Knowledge is Not Cumulative

Knowledge is not cumulative, it is essential. That is, there is an essence to true knowledge which we can try to learn or acquire. The truth exists regardless of whether we have grasped it. Humans do not create truths, they discover them. There will never be any more truth in the future than there is now, or than there was a thousand years ago.

Modern men see no possible reason for reading ancient texts for their own value. Within certain rarified social circles, it might do to have a passing knowledge of Plato or Xenophon or (less likely) Aquinas. It can be a status marker, showing both intelligence and education. In this manifestation, studying the ancients is a form of affectation, like pretending to enjoy absinthe. There is also a cottage industry (or more like a massive factory industry) in reading ancient texts in order to prove the authors were malevolent, ignorant, foolish, racist, sexist, etc. This of course is one of the major purposes of modern universities: to mock and destroy the wisdom that has been passed down from the ancients.

Though most people don’t reason it out clearly, there is a basic rationale behind ignoring the ancients. The argument goes this way: other people have read, studied, translated, critiqued and appreciated the ancients many times over. Scholars, light-years more competent and learned than I, have studied these texts and gleaned what wisdom they contain. Modern society has used what is good about these thinkers and has discarded what is bad. We have built on top of these thinkers where possible, and reversed their incorrect assumptions where necessary. We know better than they did.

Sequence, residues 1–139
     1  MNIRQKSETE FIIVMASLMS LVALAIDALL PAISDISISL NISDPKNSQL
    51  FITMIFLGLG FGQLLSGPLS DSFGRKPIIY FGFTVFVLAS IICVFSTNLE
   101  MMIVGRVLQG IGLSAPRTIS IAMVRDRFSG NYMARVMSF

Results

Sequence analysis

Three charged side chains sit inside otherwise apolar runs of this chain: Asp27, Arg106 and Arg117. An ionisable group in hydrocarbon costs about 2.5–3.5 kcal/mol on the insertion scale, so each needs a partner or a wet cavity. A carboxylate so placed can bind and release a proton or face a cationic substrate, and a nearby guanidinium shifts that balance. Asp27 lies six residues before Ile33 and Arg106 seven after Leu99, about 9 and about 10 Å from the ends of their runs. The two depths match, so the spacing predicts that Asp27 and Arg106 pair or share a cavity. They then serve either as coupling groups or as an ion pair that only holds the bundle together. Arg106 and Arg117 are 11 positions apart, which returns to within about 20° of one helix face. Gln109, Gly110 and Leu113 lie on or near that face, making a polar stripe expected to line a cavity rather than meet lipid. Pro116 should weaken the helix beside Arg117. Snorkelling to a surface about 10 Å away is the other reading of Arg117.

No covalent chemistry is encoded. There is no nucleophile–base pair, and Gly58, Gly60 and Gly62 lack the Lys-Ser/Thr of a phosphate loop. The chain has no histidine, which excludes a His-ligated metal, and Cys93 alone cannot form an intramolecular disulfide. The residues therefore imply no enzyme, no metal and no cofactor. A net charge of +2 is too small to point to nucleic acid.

Great thinkers of the past — Plato, for example — were wonders of their time. We owe Plato a debt of gratitude for laying the groundwork he did. But it was merely groundwork and we have long since surpassed the wisdom of Plato. Studying Plato might be a proper activity for someone wanting to trace how we got where we are today — a worthy hobby for the erudite dilettante — but any wisdom in Plato has been retained by our moderns, plus we have made countless improvements and discoveries!

And on it goes.

I would never assert that just because something is old it is wise. But the modern man does assert the opposite: that what is old is foolish. Or rather, even worse, he lives as if that were true without even ever asserting it. It’s simply a non-issue.

And in fact, perhaps I will assert that just because something is old it is wise. The longer something has stuck around, the more likely it contains great wisdom. Or at least a mighty error, an error worth respecting and learning from. Modern books, modern “thought,” if you can call it that, is all feathers and dust. It adds up to nothing. The only might it wields is its sheer arrogance.


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